The National Institute of Dental and Craniofacial Research (NIDCR), part of the National Institutes of Health, has awarded three grants, totaling $75 million, that establish regional practice-based research networks to investigate with greater scientific rigor everyday issues in the delivery of oral health care.
Green tea seems to help protect the body from autoimmune disorders, according to a Medical College of Georgia oral biologist. Dr. Stephen Hsu, a researcher in the MCG School of Dentistry, has amassed a large bank of research helping document green tea’s health benefits in everything from oral cancer to wrinkles. The benefits spring from compounds in green tea called polyphenols, which help eliminate DNA-damaging free radicals. As an added benefit, a green tea-induced protein called p57 protects healthy cells as polyphenols target cancer cells for destruction.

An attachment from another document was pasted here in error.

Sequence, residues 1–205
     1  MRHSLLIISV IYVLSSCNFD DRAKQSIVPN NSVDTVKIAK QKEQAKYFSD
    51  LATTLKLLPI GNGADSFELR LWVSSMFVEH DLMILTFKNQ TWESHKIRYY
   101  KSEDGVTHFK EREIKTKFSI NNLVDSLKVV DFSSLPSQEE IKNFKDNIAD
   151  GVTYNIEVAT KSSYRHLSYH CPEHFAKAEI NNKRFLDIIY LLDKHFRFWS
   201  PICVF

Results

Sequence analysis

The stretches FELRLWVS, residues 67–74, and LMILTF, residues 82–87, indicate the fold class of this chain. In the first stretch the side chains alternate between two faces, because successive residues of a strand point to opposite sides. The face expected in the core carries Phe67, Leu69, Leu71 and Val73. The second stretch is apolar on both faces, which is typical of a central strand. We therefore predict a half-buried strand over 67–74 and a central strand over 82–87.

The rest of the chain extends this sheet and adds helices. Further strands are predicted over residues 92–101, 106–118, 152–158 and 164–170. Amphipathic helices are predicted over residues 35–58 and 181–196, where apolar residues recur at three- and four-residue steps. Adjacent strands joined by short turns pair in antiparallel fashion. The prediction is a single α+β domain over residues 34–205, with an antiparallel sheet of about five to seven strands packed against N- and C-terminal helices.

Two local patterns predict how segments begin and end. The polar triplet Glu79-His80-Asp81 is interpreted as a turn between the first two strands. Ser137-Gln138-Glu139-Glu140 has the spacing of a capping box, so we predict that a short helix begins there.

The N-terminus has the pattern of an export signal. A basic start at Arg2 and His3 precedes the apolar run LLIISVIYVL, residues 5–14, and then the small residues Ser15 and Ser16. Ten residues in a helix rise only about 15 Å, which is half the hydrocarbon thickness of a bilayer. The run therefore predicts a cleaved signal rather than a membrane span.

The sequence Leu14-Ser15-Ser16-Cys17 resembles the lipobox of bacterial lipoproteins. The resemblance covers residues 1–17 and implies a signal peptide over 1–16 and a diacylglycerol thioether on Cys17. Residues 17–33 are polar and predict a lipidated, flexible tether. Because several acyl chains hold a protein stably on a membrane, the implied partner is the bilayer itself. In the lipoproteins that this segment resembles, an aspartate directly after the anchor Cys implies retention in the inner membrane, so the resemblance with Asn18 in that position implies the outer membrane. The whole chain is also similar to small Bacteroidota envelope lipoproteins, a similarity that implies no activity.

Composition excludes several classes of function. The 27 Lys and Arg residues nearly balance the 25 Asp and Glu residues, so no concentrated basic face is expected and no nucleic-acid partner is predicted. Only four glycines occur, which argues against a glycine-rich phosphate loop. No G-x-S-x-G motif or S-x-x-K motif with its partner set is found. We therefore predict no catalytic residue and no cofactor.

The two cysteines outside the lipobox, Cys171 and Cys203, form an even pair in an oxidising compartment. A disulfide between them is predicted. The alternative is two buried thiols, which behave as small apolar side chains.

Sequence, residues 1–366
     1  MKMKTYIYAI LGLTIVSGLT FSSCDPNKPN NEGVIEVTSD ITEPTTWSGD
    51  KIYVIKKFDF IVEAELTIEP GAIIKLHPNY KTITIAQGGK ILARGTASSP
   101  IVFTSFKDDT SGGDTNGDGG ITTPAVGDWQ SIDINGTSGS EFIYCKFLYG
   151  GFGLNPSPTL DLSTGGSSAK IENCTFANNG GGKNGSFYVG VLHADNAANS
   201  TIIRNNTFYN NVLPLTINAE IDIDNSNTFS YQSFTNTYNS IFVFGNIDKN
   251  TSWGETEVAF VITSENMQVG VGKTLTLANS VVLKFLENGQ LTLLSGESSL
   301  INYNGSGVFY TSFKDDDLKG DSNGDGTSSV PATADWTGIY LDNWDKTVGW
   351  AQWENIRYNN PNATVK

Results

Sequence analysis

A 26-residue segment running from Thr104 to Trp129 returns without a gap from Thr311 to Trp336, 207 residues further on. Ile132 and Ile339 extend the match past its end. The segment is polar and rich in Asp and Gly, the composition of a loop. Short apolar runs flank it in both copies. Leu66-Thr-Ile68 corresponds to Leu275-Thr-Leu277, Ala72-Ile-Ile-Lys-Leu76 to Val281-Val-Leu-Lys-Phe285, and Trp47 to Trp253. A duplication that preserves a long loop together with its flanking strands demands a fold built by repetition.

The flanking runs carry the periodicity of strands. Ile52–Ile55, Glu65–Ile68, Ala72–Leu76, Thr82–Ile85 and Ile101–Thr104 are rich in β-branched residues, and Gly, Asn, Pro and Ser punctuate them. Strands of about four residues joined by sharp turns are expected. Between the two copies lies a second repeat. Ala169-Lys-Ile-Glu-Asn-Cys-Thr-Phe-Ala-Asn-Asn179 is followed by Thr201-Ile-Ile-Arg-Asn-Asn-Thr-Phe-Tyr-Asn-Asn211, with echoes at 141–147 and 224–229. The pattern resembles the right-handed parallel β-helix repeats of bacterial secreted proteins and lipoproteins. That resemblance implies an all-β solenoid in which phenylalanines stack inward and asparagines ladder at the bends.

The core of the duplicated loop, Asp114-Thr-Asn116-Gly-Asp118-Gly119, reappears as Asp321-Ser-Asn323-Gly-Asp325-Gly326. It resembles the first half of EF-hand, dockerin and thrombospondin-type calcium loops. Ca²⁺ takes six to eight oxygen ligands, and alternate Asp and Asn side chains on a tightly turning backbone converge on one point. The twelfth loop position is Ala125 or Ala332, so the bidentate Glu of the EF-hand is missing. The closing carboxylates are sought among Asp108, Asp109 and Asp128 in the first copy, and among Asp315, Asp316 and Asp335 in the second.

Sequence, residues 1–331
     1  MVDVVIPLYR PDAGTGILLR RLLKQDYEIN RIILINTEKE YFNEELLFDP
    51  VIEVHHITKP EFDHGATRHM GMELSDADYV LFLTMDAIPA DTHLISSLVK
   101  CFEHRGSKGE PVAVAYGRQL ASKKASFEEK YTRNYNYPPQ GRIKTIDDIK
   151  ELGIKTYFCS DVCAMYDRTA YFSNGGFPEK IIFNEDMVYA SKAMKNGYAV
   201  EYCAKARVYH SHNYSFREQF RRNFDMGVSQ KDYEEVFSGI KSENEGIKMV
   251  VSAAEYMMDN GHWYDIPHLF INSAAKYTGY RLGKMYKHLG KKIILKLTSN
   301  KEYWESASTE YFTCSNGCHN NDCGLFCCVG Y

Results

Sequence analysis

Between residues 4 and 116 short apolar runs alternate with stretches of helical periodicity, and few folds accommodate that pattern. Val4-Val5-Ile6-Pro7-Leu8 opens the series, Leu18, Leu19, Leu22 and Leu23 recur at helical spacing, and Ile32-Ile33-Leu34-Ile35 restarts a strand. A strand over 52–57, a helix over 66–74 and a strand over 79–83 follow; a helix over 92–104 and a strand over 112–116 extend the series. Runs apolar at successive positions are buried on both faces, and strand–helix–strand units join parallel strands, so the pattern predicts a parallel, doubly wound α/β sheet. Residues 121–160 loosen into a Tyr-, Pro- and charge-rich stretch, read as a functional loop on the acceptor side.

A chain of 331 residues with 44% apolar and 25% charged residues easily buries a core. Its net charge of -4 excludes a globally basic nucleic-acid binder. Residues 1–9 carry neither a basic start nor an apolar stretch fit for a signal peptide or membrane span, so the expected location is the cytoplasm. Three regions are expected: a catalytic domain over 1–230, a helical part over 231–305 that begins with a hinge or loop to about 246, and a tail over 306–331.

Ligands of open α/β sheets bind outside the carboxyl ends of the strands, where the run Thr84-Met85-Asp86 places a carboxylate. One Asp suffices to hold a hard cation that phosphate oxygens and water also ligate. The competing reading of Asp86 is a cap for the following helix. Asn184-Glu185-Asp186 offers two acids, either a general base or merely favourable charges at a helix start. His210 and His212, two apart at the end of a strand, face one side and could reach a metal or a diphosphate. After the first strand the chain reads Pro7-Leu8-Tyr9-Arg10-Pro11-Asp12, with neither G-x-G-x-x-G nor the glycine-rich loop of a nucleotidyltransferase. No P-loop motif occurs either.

Long viewed as a condition of concern to dentists and periodontists alone, periodontal disease is an infectious disease with potentially significant systemic health implications. This was a major conclusion from the meeting of the National Periodontal Disease Coalition (NPDC), which met June 15-16 to explore the relationship between the presence of specific oral bacteria and overall health.